BAGUIO CITY – More than 20,000 people from all walks of life who trace their roots from Mountain Province joined other well-wishers from other parts of the region in the funeral service of the late Mountain Province Gov. Leonard G. Mayaen in his residence at Pinsao Proper, here, Friday morning.
Mayaen, who turned 63 last March 14, 2016 succumbed to a reported cardiac arrest inside the Governor’s Mansion, the official residence of the local chief executive, in the morning of March 31, 2016. He was rushed by concerned provincial employees to the Bontoc General Hospital before he was airlifted to the Notre Dame de Chartres Hospital in the city where he was pronounced lifeless at around 3:30 pm of the same day.
Mayaen will be always remembered as a pro-employee local chief executive having granted the appropriate benefits to all government workers, the latest was the grant of benfits and privileges to health workers in the province that took effect last January.
For his fellow public servants, Mayaen will be remembered for his sound decision-making coupled with consensus building among the affected sectors of the community as well as his effective and efficient way of handling the affairs of government.
For his companions in the legal profession, the late governor was described to be a legal luminary in his own right as he always made sure that he was ready for his cases when appearing in the different courts earning him the trust and confidence of his thousands of clients for more than four decades.
As a leader, most people of the province described him to be a consulting leader who reaches out to the grassroots level in order to kinow their issues and concerns that will be given appropriate action by the concerned offices of the provincial government and concerned regional line agencies.
Mayaen was unopposed for his third term as governor until the occurrence of the unfortunate incident that turned the tide on the politicalsituation in the province.
Delegations from the ten municiplaities of the province, Barlig, Bauko, Bontoc, Besao, Natonin, Sabangan, Sadanga, Sagada, Paracelis and Tadian, trooped to the Mayaen residence to pay their last respect and tribute to a well-loved public official who served the province for nearly two decades as a public official occupying different positions.
Mayaen was born in Besao on March 14, 1953. His family however moved to Mount Data in Bauko where his parents worked at the vegetable farms. In 1967, Mayaen finished his elementary education as the class valedictorian at the Mount Data Elementary School. Four years later, he graduated at the University of Baguio High School with honors. He then moved to the Baguio Colleges Foundation, now the University of the Cordilleras (UC), and earned his diploma in Bachelor of Arts as a cum laude in 1975. On the same year, he enrolled at the UC College of Law and finished it in 1979. He took and passed the bar examinations on the same year. He likewise finished his Masters in Public Administration in 1998 at the University of Baguio as a Magna Cum Laude.
Coming from a considerably poor family, Mayaen has to earn his way to school. Dr. Allison Bellagan who once taught him at the Mount Data Elementary School remember him as a timid and soft spoken boy but could outdo his classmates academically. “He usually comes to class with his younger brother in tow but I really did not mind since he was doing good. He would cuddle his younger brother or carry him with a back strap when he sleeps,” Belagan said.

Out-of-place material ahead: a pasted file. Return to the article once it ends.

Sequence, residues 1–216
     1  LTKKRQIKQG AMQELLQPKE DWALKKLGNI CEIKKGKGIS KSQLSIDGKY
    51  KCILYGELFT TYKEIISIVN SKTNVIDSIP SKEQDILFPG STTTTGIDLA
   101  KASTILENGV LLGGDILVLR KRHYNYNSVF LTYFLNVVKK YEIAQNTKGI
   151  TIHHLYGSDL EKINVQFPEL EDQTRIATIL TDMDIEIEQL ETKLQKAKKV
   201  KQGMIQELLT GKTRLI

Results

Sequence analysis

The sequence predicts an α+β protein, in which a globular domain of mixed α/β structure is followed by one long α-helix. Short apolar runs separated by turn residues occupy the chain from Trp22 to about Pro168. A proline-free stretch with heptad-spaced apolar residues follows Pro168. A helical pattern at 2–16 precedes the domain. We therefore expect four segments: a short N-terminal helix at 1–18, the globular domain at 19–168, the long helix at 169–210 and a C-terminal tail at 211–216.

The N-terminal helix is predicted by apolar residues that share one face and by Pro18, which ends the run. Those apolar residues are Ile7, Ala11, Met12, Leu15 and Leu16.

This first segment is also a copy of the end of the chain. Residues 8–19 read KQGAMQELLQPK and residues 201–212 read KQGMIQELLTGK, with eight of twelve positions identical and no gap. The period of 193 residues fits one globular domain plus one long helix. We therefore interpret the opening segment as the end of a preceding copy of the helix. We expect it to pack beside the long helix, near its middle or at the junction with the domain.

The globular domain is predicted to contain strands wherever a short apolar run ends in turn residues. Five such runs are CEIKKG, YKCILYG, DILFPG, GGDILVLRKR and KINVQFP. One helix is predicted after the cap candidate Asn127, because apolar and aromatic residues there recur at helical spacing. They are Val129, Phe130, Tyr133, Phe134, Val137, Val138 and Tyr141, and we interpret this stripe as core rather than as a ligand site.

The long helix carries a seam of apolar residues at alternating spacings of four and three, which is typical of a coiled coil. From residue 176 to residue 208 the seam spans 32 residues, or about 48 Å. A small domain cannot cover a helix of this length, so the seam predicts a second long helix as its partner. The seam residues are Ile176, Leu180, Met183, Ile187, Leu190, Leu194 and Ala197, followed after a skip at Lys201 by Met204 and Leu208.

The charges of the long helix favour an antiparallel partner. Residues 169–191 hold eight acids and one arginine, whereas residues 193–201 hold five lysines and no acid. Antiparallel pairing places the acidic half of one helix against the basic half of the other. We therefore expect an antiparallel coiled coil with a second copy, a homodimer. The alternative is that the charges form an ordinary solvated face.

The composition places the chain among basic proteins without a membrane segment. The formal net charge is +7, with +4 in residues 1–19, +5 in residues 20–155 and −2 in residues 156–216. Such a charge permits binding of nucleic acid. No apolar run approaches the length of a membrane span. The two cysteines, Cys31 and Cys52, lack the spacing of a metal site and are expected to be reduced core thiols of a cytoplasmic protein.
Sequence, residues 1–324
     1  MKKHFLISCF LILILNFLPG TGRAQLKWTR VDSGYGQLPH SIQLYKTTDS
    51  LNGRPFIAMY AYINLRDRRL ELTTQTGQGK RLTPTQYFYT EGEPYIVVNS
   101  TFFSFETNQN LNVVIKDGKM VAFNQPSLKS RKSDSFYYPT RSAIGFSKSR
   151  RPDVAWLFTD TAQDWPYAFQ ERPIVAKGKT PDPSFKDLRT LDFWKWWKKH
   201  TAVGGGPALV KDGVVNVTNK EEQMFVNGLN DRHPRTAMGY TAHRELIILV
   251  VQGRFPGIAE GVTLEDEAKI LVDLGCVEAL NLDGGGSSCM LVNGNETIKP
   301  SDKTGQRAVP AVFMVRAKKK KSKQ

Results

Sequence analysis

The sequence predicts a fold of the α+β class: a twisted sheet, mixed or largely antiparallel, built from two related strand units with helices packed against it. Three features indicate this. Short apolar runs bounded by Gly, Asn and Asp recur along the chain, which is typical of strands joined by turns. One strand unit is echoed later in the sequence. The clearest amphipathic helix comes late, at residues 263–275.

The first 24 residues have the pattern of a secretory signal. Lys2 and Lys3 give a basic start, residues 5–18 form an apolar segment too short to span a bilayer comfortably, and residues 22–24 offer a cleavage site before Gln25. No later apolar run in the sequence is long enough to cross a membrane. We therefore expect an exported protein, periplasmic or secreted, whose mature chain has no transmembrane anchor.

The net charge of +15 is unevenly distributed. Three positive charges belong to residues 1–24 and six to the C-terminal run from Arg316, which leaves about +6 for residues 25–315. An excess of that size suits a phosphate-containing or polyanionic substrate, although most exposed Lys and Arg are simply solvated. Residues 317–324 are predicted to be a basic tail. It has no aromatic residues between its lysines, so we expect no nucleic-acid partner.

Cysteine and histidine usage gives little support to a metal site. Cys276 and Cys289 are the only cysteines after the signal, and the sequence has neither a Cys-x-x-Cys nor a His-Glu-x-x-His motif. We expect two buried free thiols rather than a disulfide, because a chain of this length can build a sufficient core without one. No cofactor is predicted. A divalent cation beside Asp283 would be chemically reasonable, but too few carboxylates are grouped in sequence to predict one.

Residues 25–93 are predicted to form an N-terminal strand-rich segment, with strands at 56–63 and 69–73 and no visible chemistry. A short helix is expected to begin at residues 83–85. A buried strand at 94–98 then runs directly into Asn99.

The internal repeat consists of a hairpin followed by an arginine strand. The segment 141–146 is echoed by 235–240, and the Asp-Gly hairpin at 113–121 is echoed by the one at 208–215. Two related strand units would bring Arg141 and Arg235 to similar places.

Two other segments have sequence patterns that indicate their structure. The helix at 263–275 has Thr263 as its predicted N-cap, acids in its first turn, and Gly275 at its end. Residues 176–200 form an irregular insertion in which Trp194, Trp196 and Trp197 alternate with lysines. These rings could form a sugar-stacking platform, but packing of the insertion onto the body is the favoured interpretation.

He would do odd jobs just to earn something during his high school and college days. It was only when he began teaching while enrolled at the law school that he tasted the simplest luxuries of life.
Mayaen resigned his teaching job at the Tublay School of Home Economics in 1980 to start his private law practice. Eight years later, he tried his luck in politics and ran for board member of this province. He won a seat. In 1992, he was elected vice governor and won a fresh mandate in 1995. He was voted governor in 1998 but lost his re-election bid in 2001. Nine years later, he came back with vengeance and reclaimed the governorship. His re-election attempt in 2013 recorded the most lopsided battle for the governorship in recent years. Being unopposed in the coming elections, he was to serve his third and last term as governor by July if not for his untimely death.
His six years as vice governor earned dividends for the province. It was under his leadership that many positions in the Sangguniang Panlalawigan were created and filled up. Together with now Bontoc Mayor Frank Odsey, he initiated the institutionalization of the Provincial Scholarship Program and caused the settlement of various inter-municipal boundary disputes.
As governor, he will always be remembered as the “pro-employee governor”. He did not only initiate the creation of hundreds of positions but, in coordination with the vice governor and members of the SP, was also primarily responsible in giving all benefits to employees.
He shall likewise be known for his peace advocacies in settling disputes between and among tribes in the province. Many are still not aware but he put an end to a long-drawn tribal conflict by spending his own money to pay a financial obligation demanded by the aggrieved tribe.
It was also during his term that the Provincial Peace and Order Council was awarded as the best PPOC in the whole country for three successive years.
He made access to the farthest barangays his priority when he regained the governorship in 2010. Presently, various provincial and farm to market roads were opened and/or improved.
By Herald Express News Team